Outdoors

Wilson: It's illegal to send trout (even legally caught) through mail

Question: I was wondering about the laws on mailing fish. A friend of mine took me to Eagle Lake a few years ago, and to return the favor I always bring him some fish on the way home. He is going to be moving to Kansas and I want to send him some of the prized fish. Is it legal to ship them through the mail? I know I can get live lobsters from Maine, but they are a commercial product. My friend also wants to try to send me some venison, but we're not sure of the laws. Thank you for your help. — Steve

Answer: Unfortunately, it is not legal to ship trout outside of California. Also, you cannot personally carry them to another state, unless you have a nonresident angling license or are on active military duty (in which case you can take no more than one limit across state lines).

As for venison mailed across state lines, as long as the animal was taken legally in the state of origin, it can be shipped to California for personal use provided the shipper complies with both federal and California laws requiring that packages containing wildlife "shall bear the name and address of the shipper and of the consignee and an accurate description of the numbers and kinds of birds, mammals, fish, reptiles, or amphibians contained therein clearly and conspicuously marked on the outside thereof."

In addition, a declaration form must be filed when importing fish, game, etc. This form is available online at www.dfg.ca.gov/enforcement/docs/declaration--form.pdf.

Though it's not a requirement, it's a good idea for your friend to include with his venison shipment a copy of his hunting license and tags for the deer, along with all information regarding where and when the animal was taken.

Q: I am going to be hunting 300 acres of private land for wild hogs in a few weeks with only my archery tackle gear. Can I carry a side arm in case of a charge by a large hog? I will be hunting with someone else but we will be in different areas and would like some protection. Is this legal? — Albert Q.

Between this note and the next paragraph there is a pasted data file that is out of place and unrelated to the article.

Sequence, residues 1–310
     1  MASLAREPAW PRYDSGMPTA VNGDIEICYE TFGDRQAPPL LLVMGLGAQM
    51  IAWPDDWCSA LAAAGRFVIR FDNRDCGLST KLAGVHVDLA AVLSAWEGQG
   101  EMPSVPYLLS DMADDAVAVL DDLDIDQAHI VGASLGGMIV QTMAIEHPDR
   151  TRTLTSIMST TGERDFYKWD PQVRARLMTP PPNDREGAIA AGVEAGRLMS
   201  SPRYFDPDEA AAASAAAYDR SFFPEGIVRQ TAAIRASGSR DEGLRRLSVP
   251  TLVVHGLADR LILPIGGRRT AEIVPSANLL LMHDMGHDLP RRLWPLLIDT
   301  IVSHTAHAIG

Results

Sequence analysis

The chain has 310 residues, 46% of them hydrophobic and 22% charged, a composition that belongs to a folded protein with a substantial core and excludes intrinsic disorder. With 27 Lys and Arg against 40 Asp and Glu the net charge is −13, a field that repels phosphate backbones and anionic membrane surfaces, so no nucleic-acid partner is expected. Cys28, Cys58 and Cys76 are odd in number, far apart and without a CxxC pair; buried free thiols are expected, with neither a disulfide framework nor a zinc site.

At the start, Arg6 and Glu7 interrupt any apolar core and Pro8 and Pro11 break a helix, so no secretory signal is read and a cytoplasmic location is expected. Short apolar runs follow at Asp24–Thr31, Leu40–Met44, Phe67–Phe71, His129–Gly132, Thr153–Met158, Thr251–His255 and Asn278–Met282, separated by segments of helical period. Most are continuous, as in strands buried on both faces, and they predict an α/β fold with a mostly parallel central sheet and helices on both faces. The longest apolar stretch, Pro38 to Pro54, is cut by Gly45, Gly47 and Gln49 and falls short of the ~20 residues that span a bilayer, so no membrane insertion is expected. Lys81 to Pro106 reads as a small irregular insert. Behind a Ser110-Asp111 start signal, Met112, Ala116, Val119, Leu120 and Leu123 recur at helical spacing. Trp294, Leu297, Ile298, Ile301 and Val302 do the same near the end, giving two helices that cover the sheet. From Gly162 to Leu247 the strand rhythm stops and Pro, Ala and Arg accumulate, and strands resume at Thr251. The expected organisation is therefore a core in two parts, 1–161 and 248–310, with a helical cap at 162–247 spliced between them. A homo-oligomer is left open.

A: Yes, you can carry a side arm when archery hunting for wild pigs. According to game warden Todd Tognazzini, you can carry any legal method of take and combine the methods when you are hunting pigs. It is illegal, on the other hand, to carry a firearm while hunting other big-game species under the authority of an archery-only tag or during an archery-only season. And if you will be hunting in the condor range, your handgun must be loaded with non-lead ammo.

Q: I'd like to try some rabbit hunting but hear they may carry some kind of disease. Is this true? If so, what precautions should I take? — Jeff J., Stockton

A: You might be referring to "tularemia," a bacterial disease that wild rabbits occasionally carry. To be safe, hunters should wear latex gloves when field dressing rabbits to minimize exposure to the disease. Be sure to properly cool the animal after field dressing it, and to always cook it thoroughly. Tularemia is named after the place where it was discovered — Tulare.

Q: If I'm spearfishing with scuba gear, can I leave the scuba gear in the boat to also free dive for abalone?

-- Jim J.

A: No. Sport divers are prohibited from using scuba or other surface-supplied air equipment to take abalone, and they cannot possess abalone onboard any boat, vessel, or floating device in the water containing scuba or surface-supplied air. Abalone and scuba gear can be carried together on land. Divers working from boats, kayaks, float tubes or other floating devices who wish to use scuba gear to spear fish or harvest sea urchins, rock scallops or some crabs will need to make a separate trip for abalone.

Wilson is a marine biologist with the California Department of Fish and Game. Send questions to: CalOutdoors@dfg.ca.gov.

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